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Like many teens, Audra Grimm's parents want her to get more sleep.
Grimm, 16, junior class president at Kent's Theodore Roosevelt High School, participates in at least a half dozen extracurricular activities. She sleeps about six hours a night before making the 7:25 a.m. starting bell at school.
Grimm, who said she strives to be a "well-rounded student," said she often feels drowsy in the morning.
"I have so much going on," Grimm said, "I just say I can sleep when I'm dead."
A nationwide movement, bolstered by decades of research, is encouraging school districts across the country to consider pushing back school start times to at least 8:30 a.m. or, ideally, 9 a.m. so students like Grimm have more time to sleep.
Stacy Simera, a Kent social worker and chairwoman of the northeast Ohio chapter for the national non-profit Start School Later, Inc. campaign, says the research shows adolescents are primed to fall asleep later at night, usually after 11 p.m., and that they should slumber 8 1/2 to 9 1/4 hours each night. Such optimum sleep schedules are ultimately tied to better health, behavior and student performance in adolescents, Simera said.
The reason is because of circadian sleep rhythms and a body's release of melatonin, a sleep-inducing hormone most students in puberty are fighting off in the early morning.
"So in first, second period, these students are pumping out this hormone that's telling them to sleep," Simera said. "What time kids fall asleep is dictated by Mother Nature, but we're dictating their wake-time by their alarm clock."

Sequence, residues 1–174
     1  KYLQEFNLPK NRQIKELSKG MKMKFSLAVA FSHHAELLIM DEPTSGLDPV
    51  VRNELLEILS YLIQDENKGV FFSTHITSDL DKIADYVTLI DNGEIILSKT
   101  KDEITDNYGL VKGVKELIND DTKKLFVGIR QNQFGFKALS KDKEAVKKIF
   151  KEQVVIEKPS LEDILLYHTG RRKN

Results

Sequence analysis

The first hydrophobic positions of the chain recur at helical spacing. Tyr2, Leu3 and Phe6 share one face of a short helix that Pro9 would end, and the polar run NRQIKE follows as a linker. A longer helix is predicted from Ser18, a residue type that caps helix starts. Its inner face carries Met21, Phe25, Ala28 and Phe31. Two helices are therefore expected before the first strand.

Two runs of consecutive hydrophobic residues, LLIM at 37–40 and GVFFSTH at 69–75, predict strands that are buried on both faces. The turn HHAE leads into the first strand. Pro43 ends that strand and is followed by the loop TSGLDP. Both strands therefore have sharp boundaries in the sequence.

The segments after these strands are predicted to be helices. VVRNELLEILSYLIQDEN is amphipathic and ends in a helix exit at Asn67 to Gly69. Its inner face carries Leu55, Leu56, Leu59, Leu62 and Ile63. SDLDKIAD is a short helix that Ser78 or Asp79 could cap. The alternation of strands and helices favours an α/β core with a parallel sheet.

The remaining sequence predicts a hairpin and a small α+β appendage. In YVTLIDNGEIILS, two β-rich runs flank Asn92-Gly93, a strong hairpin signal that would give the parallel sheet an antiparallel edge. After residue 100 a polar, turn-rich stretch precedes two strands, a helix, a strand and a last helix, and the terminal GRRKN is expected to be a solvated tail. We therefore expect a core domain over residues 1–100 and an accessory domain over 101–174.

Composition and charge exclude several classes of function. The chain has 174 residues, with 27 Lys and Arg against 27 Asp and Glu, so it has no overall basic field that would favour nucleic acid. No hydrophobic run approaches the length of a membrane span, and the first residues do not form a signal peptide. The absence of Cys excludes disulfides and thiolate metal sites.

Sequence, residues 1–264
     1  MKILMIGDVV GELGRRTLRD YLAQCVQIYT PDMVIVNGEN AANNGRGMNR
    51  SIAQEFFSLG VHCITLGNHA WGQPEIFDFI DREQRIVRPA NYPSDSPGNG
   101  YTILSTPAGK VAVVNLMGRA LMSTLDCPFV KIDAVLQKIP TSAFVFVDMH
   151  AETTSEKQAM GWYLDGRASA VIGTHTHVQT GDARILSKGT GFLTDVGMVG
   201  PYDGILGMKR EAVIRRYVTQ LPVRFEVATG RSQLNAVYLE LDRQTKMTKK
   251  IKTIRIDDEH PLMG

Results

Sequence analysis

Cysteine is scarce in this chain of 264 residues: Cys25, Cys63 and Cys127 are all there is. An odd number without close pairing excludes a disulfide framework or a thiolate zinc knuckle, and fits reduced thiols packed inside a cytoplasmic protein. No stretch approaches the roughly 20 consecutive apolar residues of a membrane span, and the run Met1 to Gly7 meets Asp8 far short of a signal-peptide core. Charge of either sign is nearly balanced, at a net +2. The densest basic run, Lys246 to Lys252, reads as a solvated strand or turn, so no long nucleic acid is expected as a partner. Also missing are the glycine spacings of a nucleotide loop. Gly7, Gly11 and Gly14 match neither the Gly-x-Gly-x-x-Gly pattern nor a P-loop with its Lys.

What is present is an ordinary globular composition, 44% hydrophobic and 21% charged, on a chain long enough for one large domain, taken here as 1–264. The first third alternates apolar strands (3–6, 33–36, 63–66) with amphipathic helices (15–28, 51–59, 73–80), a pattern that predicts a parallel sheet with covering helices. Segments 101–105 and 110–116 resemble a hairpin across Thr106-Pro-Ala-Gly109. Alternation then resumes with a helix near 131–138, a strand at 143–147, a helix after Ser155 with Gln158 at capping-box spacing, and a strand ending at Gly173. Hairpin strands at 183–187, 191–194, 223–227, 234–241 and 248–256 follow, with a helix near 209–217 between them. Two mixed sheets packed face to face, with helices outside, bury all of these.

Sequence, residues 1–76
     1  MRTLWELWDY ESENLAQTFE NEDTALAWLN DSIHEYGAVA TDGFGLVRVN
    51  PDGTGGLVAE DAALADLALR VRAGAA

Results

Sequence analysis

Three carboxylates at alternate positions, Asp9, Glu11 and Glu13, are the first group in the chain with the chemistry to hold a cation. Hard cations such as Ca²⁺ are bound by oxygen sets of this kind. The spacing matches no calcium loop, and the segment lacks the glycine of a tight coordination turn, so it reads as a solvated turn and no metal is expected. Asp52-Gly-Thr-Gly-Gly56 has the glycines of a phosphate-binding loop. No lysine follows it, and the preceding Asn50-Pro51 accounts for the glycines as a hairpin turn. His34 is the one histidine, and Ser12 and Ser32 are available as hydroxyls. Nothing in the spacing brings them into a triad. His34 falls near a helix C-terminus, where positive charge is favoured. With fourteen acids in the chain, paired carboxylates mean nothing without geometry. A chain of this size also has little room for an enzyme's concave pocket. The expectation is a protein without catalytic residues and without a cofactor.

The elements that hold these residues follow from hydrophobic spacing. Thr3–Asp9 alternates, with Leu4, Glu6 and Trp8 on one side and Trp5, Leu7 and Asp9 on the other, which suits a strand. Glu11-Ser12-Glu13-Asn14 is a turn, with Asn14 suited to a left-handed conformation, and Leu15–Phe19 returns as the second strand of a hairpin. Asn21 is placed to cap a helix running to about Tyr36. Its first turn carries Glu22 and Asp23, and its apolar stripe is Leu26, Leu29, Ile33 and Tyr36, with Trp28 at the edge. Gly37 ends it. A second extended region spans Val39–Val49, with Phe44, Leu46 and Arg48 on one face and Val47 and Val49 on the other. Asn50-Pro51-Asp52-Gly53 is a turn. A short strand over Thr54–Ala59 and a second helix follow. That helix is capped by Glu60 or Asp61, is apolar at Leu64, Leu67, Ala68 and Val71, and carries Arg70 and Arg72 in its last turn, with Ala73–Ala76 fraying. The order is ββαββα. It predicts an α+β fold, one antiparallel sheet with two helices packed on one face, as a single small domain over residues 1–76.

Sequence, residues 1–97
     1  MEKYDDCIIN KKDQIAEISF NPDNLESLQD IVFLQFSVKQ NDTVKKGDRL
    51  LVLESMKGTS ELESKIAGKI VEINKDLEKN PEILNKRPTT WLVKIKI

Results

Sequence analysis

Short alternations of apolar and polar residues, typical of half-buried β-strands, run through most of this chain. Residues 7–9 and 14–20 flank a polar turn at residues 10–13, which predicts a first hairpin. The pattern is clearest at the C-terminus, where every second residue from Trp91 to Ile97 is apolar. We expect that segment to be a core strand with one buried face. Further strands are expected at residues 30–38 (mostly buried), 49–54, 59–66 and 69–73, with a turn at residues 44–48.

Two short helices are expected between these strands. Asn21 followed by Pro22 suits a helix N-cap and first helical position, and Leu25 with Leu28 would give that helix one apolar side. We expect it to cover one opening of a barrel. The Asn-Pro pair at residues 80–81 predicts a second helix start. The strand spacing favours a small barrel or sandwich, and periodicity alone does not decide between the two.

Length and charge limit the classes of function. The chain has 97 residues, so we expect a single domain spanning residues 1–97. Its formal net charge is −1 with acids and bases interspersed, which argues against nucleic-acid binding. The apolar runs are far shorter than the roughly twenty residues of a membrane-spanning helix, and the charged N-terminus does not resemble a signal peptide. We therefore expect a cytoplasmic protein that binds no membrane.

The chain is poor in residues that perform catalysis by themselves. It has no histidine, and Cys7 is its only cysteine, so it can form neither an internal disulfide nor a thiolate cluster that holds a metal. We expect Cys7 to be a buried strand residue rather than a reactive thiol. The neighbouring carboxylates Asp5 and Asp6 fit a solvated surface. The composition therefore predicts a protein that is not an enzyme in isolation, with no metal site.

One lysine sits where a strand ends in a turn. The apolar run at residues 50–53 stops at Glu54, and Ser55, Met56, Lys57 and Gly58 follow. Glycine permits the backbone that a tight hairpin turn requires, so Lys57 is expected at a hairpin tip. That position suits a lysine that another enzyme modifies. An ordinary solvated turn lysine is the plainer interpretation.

While Grimm usually rides to school with her parents, many teenage students wake up even earlier to catch buses that pick up their first riders as early as 6 a.m.
Some schools across the country have begun to adopt later start times for high school students, who typically start their days earlier than their grade-school counterparts.
The Associated Press has reported 40 percent of U.S. public high schools open before 8 a.m., according to the U.S. Department of Education's National Center for Education Statistics, and that only 15 percent start classes at a recommended 8:30 a.m. or later time.
In Portage County, high schools typically start between 7 and 8 a.m.
Ravenna High School is among the earliest with school starting at 7:15 a.m. Windham High School starts at 8:05 a.m.
But Simera would like to see every Portage school adopt even later times not just as an advocate and social worker, but as a parent with children in Rootstown schools.
Simera noted some districts find it difficult to adjust start times because of the effects on everything from busing schedules to extracurricular activities to a teenager's availability for a part-time job. She noted many also believe students will simply stay up later if they know they can sleep in later, which others argue is a misconception.
Earlier starting times were shot down in Rootstown last year because of a concern of such issues.
"Part of what we were told was that if students didn't have to get up until later they would be better rested and more alert throughout the day," said Michael Ferguson, principal of Rootstown High School. "Practically speaking we know that if students, and adults, are aware that they can sleep in longer, they usually stay up later, which negates any benefits of a later start time."